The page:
Another article in this issue brought Babbitt and More to my mind. That was William Deresiewicz’ essay about Tolstoy. Deresiewicz uses a construction that Babbitt and More labored to avoid, what might be called the “Academic We.” There is of course the Royal “We“, first-person plural pronouns monarchs use to refer to themselves when they are speaking in their official capacity. And there is the Editorial “We,” which editorialists use when expressing the official position of their publications. In a case of the Academic “We,” a college professor uses first person plural pronouns when characterizing the current state of knowledge or opinion among some unspecified group of people. Deresiewicz’ essay includes a splendid example. Tolstoy’s later writings are:
Not a body of work the contemporary reader is apt to find congenial. Leave aside the religiosity. We have learned to distrust the story with a message, any message. We disdain the writer who comes to us bearing ideas or ideologies. We don’t like a moralizer, don’t want to be preached at, don’t believe in answers, in endings. We put our faith in ambiguity, complexity, irresolution, doubt. Life isn’t that simple, we think. It doesn’t happen that way. But that is exactly what Tolstoy believes.
The Academic “We,” even when I hear myself using it, always leaves me with a desire to quote Oscar Brown, Junior’s song about the Lone Ranger and Tonto. “What do you mean ’we,’ white man?” Who is this “contemporary reader” who has learned all these attitudes? Deresiewicz’ description fits my habitual impulses fairly well, I admit. But that may just be because living among markets and machines has inclined me to disbelieve in narrative. Perhaps there are “answers” in the world. Perhaps there are “endings” to be reached.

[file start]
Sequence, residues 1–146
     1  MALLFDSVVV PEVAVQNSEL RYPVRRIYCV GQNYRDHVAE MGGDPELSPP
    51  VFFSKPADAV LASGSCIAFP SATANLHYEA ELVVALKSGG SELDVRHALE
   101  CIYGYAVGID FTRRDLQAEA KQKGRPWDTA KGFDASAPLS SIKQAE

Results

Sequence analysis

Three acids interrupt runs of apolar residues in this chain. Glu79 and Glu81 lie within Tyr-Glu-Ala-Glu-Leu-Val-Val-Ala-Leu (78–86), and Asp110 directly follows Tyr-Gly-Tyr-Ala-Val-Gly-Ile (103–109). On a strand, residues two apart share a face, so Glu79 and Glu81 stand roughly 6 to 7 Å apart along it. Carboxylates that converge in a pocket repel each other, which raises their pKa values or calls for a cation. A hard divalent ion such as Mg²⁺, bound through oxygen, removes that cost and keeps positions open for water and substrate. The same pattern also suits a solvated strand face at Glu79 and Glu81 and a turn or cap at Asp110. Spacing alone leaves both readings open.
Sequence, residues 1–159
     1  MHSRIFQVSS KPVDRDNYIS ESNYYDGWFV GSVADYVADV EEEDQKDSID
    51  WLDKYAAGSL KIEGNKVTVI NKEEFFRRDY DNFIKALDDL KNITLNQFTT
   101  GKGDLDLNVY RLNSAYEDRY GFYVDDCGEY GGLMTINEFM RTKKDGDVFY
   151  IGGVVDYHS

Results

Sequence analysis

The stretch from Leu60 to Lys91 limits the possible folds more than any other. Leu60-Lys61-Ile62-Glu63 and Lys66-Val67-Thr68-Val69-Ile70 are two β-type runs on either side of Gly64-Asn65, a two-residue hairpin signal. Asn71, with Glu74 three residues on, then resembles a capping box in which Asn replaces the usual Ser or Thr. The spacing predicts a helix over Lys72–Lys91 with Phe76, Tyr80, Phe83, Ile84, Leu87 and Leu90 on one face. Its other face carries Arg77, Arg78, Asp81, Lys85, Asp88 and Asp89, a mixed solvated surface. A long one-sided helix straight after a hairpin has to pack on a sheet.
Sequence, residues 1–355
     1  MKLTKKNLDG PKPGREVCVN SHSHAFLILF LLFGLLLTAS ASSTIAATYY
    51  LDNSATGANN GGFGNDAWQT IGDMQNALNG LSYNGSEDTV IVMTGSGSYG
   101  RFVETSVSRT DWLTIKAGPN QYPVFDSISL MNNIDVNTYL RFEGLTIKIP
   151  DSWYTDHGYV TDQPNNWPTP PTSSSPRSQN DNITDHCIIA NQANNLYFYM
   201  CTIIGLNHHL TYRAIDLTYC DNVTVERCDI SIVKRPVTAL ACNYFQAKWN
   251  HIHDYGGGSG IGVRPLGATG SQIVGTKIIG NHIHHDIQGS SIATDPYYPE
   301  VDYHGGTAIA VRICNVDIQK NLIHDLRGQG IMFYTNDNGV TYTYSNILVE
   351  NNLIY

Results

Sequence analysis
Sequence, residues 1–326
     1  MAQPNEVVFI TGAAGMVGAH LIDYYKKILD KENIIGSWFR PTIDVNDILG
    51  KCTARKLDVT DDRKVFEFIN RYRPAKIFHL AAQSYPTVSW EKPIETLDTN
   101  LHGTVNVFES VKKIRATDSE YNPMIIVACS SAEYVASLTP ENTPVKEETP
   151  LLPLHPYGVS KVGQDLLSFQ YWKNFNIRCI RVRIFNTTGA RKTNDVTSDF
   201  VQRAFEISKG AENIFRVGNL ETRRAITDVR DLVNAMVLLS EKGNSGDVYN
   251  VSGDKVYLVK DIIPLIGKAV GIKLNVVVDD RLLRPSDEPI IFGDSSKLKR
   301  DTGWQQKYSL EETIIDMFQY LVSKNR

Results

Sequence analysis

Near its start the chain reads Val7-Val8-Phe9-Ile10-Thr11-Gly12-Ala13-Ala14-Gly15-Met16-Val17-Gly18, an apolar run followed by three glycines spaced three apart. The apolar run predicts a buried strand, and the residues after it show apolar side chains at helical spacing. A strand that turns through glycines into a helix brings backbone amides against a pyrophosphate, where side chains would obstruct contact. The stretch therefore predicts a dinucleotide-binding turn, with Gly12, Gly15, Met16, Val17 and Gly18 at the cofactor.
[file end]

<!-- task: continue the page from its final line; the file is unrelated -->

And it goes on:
Babbitt and More would have something to say about people who put their “faith in ambiguity, complexity, irresolution, doubt.” As scholars, Babbitt and More were quite willing to suspend judgment indefinitely and to study other cultures and other periods of history on their own terms. This is only fitting, as Babbitt was America’s first Professor of Comparative Literature and More’s most popular book was titled The Sceptical Approach to Religion. In that sense, Babbitt and More were thoroughgoing relativists. However, they did not endorse relativism as a doctrine. Their view was that dogmatism, whether for the sake of relativism or of absolutism, was a failure to achieve the virtue of urbanity. Indeed, in its most extreme form dogmatic relativism was indistinguishable from dogmatic absolutism. In his 1912 book The Masters of Modern French Criticism, Babbitt derides the “19th century gospel of relativity,” excoriating Anatole France in particular for devoting himself to “the doctrine of the absolutely relative” (page 317.) And More’s books, most notably his Demon of the Absolute, are full of efforts to explain how a clear-minded person might avoid dogmatic relativism without becoming a dogmatic absolutist. While neither Babbitt nor More was entirely successful in explaining what intellectual attitude one ought to adopt in order to qualify as fully urbane, Babbitt did at least provide a quip I’ve often provoked chuckles by quoting: “An open mind is an excellent thing, provided it is not open on both ends.” So we might put our faith in ambiguity, complexity, irresolution, doubt”; but if we put a fervent, proselytizing, intolerant faith in these things, we are unlikely to accomplish much of value.